• Greene, E., & Bornstein, B.H. (2003). Determining damages: The psychology of jury awards. Washington, DC: APA.
Volumes Edited
  • Bornstein, B.H., & Miller, M.K. (2016). Advances in psychology and law (Vol. 2). New York: Springer.
  • Miller, M.K., & Bornstein, B.H. (2016). Advances in psychology and law (Vol. 1). New York: Springer.
  • Shockley, E., Neal, T., PytlikZillig, L., & Bornstein, B.H. (2016). Interdisciplinary perspectives on trust: Towards theoretical and methodological integration. New York: Springer.
  • Willis-Esqueda, C., & Bornstein, B.H. (2016). The witness stand and Lawrence S. Wrightsman, Jr. New York: Springer.
  • Bornstein, B.H., & Tomkins, A.J. (Eds.) (2015). Motivating cooperation and compliance with authority: The role of institutional trust. New York: Springer.
  • McAuliff, B.D., & Bornstein, B.H. (Eds.) (2015). Beliefs and expectancies in legal decision making. London: Routledge/Taylor & Francis.
  • Bornstein, B.H., & Wiener, R.L. (Eds.). (2014). Justice, conflict and wellbeing: Multidisciplinary perspectives. New York: Springer.
  • Miller, M.K., & Bornstein, B.H. (Eds.) (2013). Trauma, stress and wellbeing in the legal system. New York: Oxford University Press.
  • Wiener, R.L., & Bornstein, B.H. (Eds.) (2011). Handbook of trial consulting. New York: Springer.
  • Bornstein, B.H., & Wiener, R.L. (Eds.). (2010). Emotion and the law: Psychological perspectives. New York: Springer.
  • Schopp, R.F., Wiener, R.L., Bornstein, B.H., & Willborn, S. (Eds.) (2009). Mental disorder and criminal law: Responsibility, punishment and competence. New York: Springer.
  • Bornstein, B.H., Wiener, R.L., Schopp, R., & Willborn, S.L. (2008). Civil juries and civil justice: Psychological and legal perspectives. NY: Springer.
  • Wiener, R.L., Bornstein, B.H., Schopp, R., & Willborn, S.L. (2007). Social consciousness in legal decision making: Psychological perspectives. NY: Springer.
Research Funding Sources
Extramural Funding
  • Testing a Three-stage Model of Institutional Confidence across Branches of Government. NSF (Alan Tomkins, PI), 6/1/11-5/31/14. Amount: $271,280. REU Supplement (SES 1160594), 6/1/12-5/31/14 Amount: $12,000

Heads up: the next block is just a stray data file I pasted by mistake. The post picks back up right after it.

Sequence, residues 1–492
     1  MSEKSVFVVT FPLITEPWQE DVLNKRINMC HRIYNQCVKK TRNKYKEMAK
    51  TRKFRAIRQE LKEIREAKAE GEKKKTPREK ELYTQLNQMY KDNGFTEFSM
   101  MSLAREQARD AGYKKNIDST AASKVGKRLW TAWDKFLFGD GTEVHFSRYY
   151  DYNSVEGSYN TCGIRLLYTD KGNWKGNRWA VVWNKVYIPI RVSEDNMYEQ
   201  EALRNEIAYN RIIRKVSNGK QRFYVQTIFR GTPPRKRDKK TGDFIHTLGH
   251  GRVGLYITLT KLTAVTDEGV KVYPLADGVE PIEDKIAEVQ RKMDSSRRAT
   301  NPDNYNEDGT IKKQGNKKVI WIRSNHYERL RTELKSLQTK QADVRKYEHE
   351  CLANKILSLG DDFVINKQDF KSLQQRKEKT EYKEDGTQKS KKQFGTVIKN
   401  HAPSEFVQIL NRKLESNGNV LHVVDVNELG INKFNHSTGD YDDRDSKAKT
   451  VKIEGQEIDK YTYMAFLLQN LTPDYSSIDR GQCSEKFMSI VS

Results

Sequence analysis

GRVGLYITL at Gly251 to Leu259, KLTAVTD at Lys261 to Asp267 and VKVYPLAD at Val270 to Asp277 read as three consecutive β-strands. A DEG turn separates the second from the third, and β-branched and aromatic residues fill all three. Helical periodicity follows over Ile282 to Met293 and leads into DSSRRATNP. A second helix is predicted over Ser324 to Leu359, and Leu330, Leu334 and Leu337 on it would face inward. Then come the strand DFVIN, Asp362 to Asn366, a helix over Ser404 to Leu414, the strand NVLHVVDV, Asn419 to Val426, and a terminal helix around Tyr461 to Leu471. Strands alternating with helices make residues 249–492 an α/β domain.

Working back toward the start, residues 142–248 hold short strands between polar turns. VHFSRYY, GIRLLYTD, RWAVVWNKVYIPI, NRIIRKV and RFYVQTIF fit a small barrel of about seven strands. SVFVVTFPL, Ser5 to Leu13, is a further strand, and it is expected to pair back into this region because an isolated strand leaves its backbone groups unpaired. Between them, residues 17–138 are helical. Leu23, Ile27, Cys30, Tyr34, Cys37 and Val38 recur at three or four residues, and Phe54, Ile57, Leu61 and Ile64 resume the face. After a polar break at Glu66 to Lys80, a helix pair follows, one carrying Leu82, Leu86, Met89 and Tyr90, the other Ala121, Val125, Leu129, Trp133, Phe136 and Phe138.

• Reducing Courts' Failure-to-appear Rate: A Procedural Justice Approach. National Institute of Justice (#2008-IJ-CX-0022), 10/1/08-11/30/10. Amount: $197,507
  • Psychology and Law: Research Experiences for Undergraduates at the University of Nebraska-Lincoln. National Science Foundation (Richard Wiener, PI), 2/1/05-5/31/08; renewed through 2011. Amount: $326,280
  • Religious appeals in closing arguments: Impermissible input or benign banter? National Science Foundation (SES-0351811), 1/1/04-12/31/04. Amount: $10,394
  • Meta-analysis of Facial Identification Research: A Reappraisal. National Science Foundation (SES-0010140), 5/15/01-4/30/03. Amount: $147,720
  • Distributive Justice Norms Concerning Income: A Cross-National Experimental Study of Individuals' Choice of Allocation Principles. NSF (SBR-9810473), 7/1/98-6/30/2000. Amount: $105,792
Intramural Funding
  • Visiting Scholar Program in Law and Psychology. University of Nebraska, Program of Excellence Award, 9/1/04-5/31/07 (Richard Wiener, PI). Amount: $133,400
  • Intuitive Genetics and Its Relationship to Risk-taking Behavior. University of Nebraska Layman Fund, 7/1/03-6/30/04. Amount: $9,918
  • Alleviating the Stress of Trial: An Empirical Assessment. Tobacco Settlement Biomedical Research Enhancement Fund (University of N